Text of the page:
I took a snack at the pass and snapped some photos; on the north side of the pass Paradise Valley was shrouded in looming clouds; it appeared that the precipitation I feared would indeed arrive. Though not as notorious as other high peaks like Assiniboine, Alberta, or Robson; Temple can and I would find out does create it's own weather. As I began traversing east from the pass a drizzle began and quickly turned to a steady shower; out came my rain shell and pack cover. The rain would eventually subside, then return as a brief shower of graupel.
Beyond Sentinel Pass, the route up Temple's SW ridge begins innocently enough as a beaten path along the ridge line. it quickly traverses off the ridge and into a gully bellow a yellow rock pinnacle. In this gully the path is ill-defined and very loose; by Canadian Rockies standards the rock quality is decent. Having said that, many of the scramble routes in the range are incredibly chossy and make the Elk Range feel like the granite of RMNP (this stuff almost makes me want to repeat Thunder Pyramid- almost). Combined with the early morning moisture; Temple had decided that it was not yet time to relent.
After working my way up the gully I reached the base of the pinnacle and found a beaten in path through the scree; the poor rock quality would temporarily subside. This path lead to the first major rock band; with the moisture just beginning to subside finding footing was a bit of a challenge but this area is a short, easy class 3 scramble. Beyond the first rock band the beaten in path continues to the last remaining snow patch on the route. Out came the ice axe and I quickly scampered across the short patch of snow to the base of the crux rock band around 0750.
There are several possibilities for tackling the crux; to the right are two rock steps that I ultimately used on the way up; the start from the second step is a bit tricky but once you get going it is extremely fun. To the left is a more exposed, ledgy face; each route goes at class 4. Farthest to the left is a gully that was still partially snow filled; even when dry this is not a recommended way to tackle the crux. Above the crux I would find out why; there is a 400 ft scree slope that funnels into the gully; it is essentially a beefed up version of Little Bear's hourglass. After working my way through the crux I zigzagged my way up the loose scree slope to once again emerge near the ridge crest.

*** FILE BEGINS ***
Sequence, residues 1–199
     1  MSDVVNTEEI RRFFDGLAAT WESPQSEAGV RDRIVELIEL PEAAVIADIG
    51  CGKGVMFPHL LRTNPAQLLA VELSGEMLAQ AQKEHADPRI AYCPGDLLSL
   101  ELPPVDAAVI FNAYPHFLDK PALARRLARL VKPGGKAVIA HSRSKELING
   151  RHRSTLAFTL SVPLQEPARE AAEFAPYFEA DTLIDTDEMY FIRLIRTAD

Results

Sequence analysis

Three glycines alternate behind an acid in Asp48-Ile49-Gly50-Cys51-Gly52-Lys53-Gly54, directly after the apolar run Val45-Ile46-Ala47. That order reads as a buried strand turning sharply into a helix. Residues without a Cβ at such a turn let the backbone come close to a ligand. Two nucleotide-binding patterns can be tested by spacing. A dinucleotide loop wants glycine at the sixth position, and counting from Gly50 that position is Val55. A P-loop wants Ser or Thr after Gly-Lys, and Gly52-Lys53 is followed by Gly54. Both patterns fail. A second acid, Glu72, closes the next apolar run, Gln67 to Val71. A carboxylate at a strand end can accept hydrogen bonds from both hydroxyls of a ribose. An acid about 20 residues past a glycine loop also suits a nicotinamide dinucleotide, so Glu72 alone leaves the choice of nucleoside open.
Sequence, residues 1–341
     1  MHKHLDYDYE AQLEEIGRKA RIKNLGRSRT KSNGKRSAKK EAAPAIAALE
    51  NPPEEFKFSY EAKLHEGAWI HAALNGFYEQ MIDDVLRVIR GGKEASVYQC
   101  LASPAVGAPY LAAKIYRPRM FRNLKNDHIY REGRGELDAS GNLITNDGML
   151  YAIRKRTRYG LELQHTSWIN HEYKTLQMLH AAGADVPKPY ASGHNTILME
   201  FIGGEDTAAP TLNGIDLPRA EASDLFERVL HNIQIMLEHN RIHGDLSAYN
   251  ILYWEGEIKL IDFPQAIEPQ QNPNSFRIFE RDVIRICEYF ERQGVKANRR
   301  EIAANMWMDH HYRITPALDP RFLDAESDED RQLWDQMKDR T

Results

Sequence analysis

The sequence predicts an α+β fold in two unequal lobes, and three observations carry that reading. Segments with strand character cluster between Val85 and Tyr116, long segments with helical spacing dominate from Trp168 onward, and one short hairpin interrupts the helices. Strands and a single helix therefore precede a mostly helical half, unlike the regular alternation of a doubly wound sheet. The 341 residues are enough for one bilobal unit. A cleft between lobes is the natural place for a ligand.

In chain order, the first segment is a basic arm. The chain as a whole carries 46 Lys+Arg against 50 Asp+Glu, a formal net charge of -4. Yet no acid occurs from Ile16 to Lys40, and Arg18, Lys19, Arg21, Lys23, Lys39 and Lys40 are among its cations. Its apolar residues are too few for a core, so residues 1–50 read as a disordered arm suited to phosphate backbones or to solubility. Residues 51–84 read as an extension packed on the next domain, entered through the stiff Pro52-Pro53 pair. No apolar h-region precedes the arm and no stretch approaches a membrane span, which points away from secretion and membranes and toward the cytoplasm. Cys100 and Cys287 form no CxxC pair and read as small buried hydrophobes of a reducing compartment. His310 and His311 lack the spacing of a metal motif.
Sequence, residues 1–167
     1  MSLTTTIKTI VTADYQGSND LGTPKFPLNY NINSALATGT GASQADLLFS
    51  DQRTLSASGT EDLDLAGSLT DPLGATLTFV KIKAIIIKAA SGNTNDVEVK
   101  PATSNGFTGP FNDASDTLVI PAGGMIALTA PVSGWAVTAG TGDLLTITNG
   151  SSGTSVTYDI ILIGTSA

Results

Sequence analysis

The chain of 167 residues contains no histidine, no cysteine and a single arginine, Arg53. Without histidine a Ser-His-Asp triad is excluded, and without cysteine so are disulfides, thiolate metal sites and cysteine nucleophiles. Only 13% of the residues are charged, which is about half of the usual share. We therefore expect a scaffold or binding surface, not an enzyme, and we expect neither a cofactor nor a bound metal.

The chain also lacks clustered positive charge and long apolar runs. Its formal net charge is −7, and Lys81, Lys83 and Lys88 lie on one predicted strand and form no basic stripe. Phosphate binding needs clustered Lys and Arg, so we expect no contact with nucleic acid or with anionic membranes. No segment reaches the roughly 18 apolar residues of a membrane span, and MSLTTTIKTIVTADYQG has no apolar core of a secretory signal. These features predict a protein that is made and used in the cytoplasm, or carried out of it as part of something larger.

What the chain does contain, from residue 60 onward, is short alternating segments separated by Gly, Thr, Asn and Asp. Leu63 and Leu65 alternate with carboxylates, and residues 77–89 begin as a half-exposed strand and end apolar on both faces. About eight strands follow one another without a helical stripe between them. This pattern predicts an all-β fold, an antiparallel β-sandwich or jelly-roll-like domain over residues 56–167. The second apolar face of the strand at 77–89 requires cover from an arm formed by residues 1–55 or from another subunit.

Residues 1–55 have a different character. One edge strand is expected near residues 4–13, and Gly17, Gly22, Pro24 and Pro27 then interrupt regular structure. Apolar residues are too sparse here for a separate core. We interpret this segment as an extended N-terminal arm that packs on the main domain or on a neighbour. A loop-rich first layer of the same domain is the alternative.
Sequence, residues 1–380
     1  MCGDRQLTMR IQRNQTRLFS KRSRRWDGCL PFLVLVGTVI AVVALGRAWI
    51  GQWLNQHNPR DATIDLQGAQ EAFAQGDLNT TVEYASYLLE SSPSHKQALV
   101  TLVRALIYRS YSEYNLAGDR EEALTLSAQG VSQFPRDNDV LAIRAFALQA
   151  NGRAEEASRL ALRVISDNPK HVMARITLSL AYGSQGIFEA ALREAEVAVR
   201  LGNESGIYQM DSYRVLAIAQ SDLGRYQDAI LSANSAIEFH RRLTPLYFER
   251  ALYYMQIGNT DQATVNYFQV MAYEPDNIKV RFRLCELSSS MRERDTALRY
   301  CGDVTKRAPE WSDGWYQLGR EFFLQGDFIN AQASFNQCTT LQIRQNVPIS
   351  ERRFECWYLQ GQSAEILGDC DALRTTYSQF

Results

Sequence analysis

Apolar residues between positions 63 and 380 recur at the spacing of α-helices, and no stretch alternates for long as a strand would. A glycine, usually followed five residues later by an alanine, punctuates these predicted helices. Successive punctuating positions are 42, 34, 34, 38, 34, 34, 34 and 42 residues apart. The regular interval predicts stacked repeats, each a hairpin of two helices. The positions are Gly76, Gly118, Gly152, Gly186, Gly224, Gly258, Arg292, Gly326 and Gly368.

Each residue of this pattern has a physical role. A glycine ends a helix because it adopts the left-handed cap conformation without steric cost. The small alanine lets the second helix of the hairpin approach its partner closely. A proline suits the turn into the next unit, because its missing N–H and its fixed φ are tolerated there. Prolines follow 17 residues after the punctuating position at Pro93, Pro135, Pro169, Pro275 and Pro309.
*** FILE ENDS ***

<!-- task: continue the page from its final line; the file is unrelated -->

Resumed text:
A final light colored rock band presents itself here; there is a more direct class 3 route directly up the rock band, and to climber's right is a cairned, exposed traverse into a looser gully that goes at class 3; since I was here to have fun I took the more exposed and loose path to the right, and easily overcame this last rock band. At this point I had about 0.6 miles yet around 1500 ft of elevation to be gained. Did I mention how steep the mountains are here? If you decide to climb and scramble here I highly recommend you do not skip leg day. With the precipitation finished for the day, the winds picked up here and with overcast skies the temperature dropped. This mountain would still not relent.
The talus along the rest of the ridge is relatively loose but has a noticeable path beaten in that turns it into a long slog to the summit. I was in high spirits as occasional views presented themselves through the clouds and despite the cold temperatures. An inconspicuous merger with a spur ridge occurs shortly before reaching the summit; beyond this point the wind gusts really picked up; I could watch the clouds from the NW pick up speed to anticipate the increased gusts. This wouldn't be too problematic except for the extreme exposure to climber's right on the summit ridge. After some brief pauses for breaks in the wind; the summit cornice came into sight; I worked my way to the wind shelter and summited at 0935. I bundled up in the wind shelter; celebrated, signed the summit register, ate some snacks, and soaked in the views that popped in and out as the clouds broke then reemerged.